Blue-flowered plants can bring a sense of coolness, peace and tranquility to your garden. Whether you desire a bright blue, pastel sky blue or deep midnight blue shade, there is a flower to meet your needs. Many blooms which are described as being blue tend toward a purplish-blue violet, while others are more in the reddish-blue or magenta range, so it is helpful to view a blue-flowered plant in person before adding it to your garden.
Blue-flowered spring bulbs abound. Chionodoxa or glory of the snow, so named because its very early bloom time may leave it peeking from the snow, come in blue or blue and white. Tiny scilla, or Siberian squill, are available in an intense royal blue shade which provides a good foil for pink tulips and yellow daffodils, recommends the Brooklyn Botanic Garden. Fragrant hyacinth, blooming a little later in spring, can be found in a sky blue shade as well as a deeper purple-blue.
Ageratum is a reliable source of blue in summer beds or containers. Its fuzzy flower panicles come in a soft blue and are useful for providing contrast to the more commonly found pink, yellow or white annuals. The forget-me-not, or Myosotis, is a dainty, old-fashioned garden favorite, with a white or yellow eye set in a sky-blue flower. Calibrachoa, also called million bells, comes in both light and dark blue shades and is often used in summertime hanging baskets. The deep, electric blue Lobelia is another container and hanging basket favorite.
Irises, including the Siberian and Japanese types as well as the bearded varieties, provide many shades of blue, from pale to deep, early in the summer. Veronica (sometimes called speedwell) plants can be ground-hugging, like the periwinkle-colored “Waterperry Blue,” or upright and clump-forming; “Crater Lake Blue” and “Sunny Border Blue” are just two of the reliable summer-blooming, blue-flowered veronicas. Campanula carpatica, or Carpathian bellflower, is also known for its bright blue, bell-shaped flowers in varieties such as “Blue Clips.” If you wish to have a blue flower for the back of the border, look no further than the stately Delphinium. Its tall spikes of bloom can be found in many different shades and intensities of blue. One of the few shade perennials offering blue flowers is Aconiutum, or monkshood. Its tall spires provide bloom from late summer to late autumn in medium blue, blue and white, and deep navy-colored flowers.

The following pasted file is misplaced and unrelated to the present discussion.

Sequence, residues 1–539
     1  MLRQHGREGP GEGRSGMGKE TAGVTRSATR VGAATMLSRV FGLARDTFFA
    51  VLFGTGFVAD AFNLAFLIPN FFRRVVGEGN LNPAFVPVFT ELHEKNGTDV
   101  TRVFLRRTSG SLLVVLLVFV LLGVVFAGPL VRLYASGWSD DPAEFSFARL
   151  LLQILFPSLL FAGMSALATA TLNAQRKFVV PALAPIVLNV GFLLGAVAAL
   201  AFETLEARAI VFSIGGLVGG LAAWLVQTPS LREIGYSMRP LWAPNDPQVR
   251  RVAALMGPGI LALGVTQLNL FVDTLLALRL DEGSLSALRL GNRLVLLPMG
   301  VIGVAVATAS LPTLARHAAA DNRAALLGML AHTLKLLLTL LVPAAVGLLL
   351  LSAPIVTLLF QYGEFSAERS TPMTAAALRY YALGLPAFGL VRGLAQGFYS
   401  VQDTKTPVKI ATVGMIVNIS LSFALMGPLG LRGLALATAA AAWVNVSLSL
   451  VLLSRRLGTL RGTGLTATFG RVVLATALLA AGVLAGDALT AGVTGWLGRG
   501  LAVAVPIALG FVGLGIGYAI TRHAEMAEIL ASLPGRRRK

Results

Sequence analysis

Don't forget vines if you want to add blue flowers to your garden. Probably the best-loved of all blue-flowered vines is the morning glory variety called “Heavenly Blue.” Given a sunny spot, it will provide dozens of new blooms every day, from mid-summer on, says the University of Florida Extension. The clematis is a perennial vine available in a number of blue-flowered cultivars, such as “Belle of Woking,” with a double light-blue rosette-shaped blossom; and “Will Goodwin,” “Perl D’Azur” and “Mrs. Cholmondeley,” all with pastel blue flowers.